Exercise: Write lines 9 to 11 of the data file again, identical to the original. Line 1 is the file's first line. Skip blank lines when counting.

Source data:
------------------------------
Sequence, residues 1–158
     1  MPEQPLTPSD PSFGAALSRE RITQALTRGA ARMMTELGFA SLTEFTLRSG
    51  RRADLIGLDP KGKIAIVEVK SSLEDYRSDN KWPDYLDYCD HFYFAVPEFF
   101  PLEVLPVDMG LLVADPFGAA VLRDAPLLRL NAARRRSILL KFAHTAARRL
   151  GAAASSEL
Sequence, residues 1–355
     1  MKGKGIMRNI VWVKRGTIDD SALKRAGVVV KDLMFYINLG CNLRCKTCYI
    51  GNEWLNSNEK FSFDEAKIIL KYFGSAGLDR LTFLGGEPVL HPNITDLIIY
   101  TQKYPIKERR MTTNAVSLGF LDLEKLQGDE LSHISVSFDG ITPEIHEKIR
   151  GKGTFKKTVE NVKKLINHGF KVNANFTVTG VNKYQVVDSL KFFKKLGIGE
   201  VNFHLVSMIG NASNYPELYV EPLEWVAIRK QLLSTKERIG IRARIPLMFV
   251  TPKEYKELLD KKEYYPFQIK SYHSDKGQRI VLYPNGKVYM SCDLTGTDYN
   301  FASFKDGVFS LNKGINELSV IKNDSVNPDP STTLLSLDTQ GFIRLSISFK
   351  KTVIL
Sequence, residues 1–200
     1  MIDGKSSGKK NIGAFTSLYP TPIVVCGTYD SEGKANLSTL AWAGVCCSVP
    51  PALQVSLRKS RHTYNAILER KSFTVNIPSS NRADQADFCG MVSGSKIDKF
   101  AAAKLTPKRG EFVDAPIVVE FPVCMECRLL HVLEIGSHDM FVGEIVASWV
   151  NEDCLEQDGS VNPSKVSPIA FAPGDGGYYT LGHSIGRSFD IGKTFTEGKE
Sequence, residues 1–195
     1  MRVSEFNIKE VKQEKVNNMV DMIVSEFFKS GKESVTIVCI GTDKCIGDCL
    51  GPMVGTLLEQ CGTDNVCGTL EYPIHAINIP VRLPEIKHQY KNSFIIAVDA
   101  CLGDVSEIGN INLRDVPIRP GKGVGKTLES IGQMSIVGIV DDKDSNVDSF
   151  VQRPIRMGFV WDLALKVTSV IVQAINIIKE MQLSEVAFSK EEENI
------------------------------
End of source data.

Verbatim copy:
   101  TQKYPIKERR MTTNAVSLGF LDLEKLQGDE LSHISVSFDG ITPEIHEKIR
   151  GKGTFKKTVE NVKKLINHGF KVNANFTVTG VNKYQVVDSL KFFKKLGIGE
   201  VNFHLVSMIG NASNYPELYV EPLEWVAIRK QLLSTKERIG IRARIPLMFV